Weighing up the Russian sanctions

The Cold War is on again, but will the sanctions against Russia chill your returns?

Summary: An increase in economic sanctions against Russia, amid its rising border tensions with Ukraine, is reminiscent of the Cold War. The US and the European Union are intent on keeping up the pressure, but the sanctions are already having an impact on some foreign stocks. But should Australian companies, and investors, be concerned?

Key take-out: A spike in energy prices could be on the cards, especially in Europe. But, at worst, investors only need worry about a temporary hike if Russia decides to match US antagonism.
Key beneficiaries: General investors. Category: Economics and Investment Strategy.

Judging from market moves last night, investors are starting to get a little nervous. That may correct over the next few sessions, but having heard warnings from policymakers over the last few months about complacency, it looks like the market is now at least listening.

Now it’s not that there was just one catalyst for the slump – there is a lot going on in terms of concerns over the Federal Reserve, Argentina’s possible debt default (already declared by ratings agency Standard & Poor’s), and rising tensions between Russia and the Ukraine.  

By the by, on paper at least, any Argentine default should be irrelevant for the market. That’s largely because Argentina hasn’t had access to global markets for about 13 years. It really is just a court case between the Argentinian government and a handful of investors.

Arguably then, it was the Russian-Ukraine crisis that was more important, especially for European bourses where a string of earnings downgrades or concerns have been issued, mainly because of the intensification of sanctions on Russia. For instance, Adidas issued a profit warnings and is closing stores in Russia. That stock slumped 15% overnight. Royal Dutch Shell, Total and some European banks have expressed concerns about how sanctions may affect trade and the European economy more broadly.

Need Australian investors worry?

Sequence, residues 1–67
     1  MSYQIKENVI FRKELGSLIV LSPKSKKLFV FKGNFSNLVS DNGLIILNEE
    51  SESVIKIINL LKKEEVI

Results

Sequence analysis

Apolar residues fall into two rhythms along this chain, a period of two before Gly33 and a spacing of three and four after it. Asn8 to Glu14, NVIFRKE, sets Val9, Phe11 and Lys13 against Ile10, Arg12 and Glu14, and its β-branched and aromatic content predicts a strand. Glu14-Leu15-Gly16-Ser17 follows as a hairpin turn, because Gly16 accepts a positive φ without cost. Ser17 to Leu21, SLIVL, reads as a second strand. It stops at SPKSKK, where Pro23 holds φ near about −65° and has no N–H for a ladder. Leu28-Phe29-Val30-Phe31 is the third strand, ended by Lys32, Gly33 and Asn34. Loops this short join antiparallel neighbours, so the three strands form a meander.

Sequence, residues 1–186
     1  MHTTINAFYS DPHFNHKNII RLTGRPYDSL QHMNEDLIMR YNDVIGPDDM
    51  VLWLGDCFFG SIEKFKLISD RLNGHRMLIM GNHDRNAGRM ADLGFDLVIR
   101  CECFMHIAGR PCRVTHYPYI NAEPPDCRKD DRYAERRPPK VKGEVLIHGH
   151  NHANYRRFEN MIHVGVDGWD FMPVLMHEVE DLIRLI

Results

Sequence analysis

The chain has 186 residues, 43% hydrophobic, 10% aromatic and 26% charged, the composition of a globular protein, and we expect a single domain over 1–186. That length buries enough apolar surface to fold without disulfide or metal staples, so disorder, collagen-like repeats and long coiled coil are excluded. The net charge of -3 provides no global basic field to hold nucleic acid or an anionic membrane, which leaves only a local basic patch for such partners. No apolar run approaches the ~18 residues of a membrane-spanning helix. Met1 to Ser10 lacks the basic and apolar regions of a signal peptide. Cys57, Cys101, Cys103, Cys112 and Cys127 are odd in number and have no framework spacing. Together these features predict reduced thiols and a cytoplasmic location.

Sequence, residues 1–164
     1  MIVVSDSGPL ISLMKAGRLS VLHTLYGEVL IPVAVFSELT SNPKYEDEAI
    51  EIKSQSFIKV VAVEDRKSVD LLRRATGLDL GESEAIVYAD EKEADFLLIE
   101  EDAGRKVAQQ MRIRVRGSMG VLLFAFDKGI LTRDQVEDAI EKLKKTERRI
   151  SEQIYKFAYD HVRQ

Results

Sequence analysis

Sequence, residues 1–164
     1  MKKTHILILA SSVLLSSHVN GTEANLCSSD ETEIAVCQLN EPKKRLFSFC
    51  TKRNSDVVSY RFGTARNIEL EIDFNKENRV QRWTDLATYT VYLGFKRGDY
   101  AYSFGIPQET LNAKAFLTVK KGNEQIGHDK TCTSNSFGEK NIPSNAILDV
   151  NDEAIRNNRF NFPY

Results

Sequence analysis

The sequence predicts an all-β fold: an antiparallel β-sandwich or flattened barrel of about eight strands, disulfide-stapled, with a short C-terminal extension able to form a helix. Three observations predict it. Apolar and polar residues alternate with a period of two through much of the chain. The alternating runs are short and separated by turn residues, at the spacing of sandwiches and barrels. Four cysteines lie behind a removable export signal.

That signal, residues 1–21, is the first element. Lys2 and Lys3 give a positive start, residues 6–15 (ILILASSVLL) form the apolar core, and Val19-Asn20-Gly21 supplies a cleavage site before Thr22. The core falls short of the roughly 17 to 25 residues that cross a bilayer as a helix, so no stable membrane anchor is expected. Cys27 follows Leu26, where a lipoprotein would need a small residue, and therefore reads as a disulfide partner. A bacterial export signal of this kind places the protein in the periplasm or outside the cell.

Well, there doesn’t appear to be any immediate or direct threat to either Australia or our market. According to the Department of Foreign Affairs, bilateral trade between Australia and Russia amounts to only to $1.79 billion, which isn’t a great deal when you consider that our total trade with the world is about $500 billion.  Russia ranks 31st in terms of trade importance. As far as exports go, the bulk of what we sell includes meat and dairy – foodstuffs basically – and these are largely exempt from sanctions anyway.

The key threat is indirect then – market anxiety, or flare-ups in volatility. And on that front there could be quite a few more. One reason for that is the circularity of the Russian-Ukrainian crisis. This makes it difficult to determine how long the crisis could last and to what extent sanctions would be escalated. In essence, sanctions are in place to pressure and punish Russia for annexing Crimea and supporting Russian separatists in the East of Ukraine.

Russia, in turn, is of the view that it wouldn’t have needed to annex Crimea and support separatists in East Ukraine if the US and Europe hadn’t acted to remove the previous Ukrainian government – hadn’t involved themselves in what should have been regarded as ‘neutral’ territory. They crossed a line, as Vladimir Putin puts it.

Viewed like this, there really isn’t any clear or near-term end to the crisis. The US has ruled out a policy of non-intervention, and Russia has no plans to allow Ukraine to simply be absorbed into NATO (The North Atlantic Treaty Organisation). That suggests that the crisis is likely to get worse before it gets better, as the US is not willing to concede anything and Russia feels like it can’t.

At this point sanctions are only targeting the finance, technology (including technology for energy exploration) and defence sectors. They don’t include energy exports from Russia itself or food, and nor are they likely too. Europe relies on Russia for 30-40% of its energy needs, although some European members are almost entirely reliant on Russian energy – and the cost to the European economy, should things escalate too far, would be immense.

That doesn’t preclude bouts of fear as to where energy prices might head. Russia need only threaten to raise prices in retaliation, for there to be a marked impact on global energy prices. There is no telling how long something like that might last though. On that note, while there is a lot of talk about the US supplying Europe with its energy needs, there is very little chance of that morphing into reality. Europe relies on Russia, and that won’t change quickly.

At worst then, investors only need worry about a temporary energy price spike if Russia decides to match US antagonism. This is great for our large energy producing companies – oil, thermal coal etc – but not great for the economy at large.

My view that any flare-up would be temporary is based on the mutual reliance that Russia and Europe have. Sanctions are ultimately a lose-lose situation. It would be pointless, but pride and bravado can do strange things.

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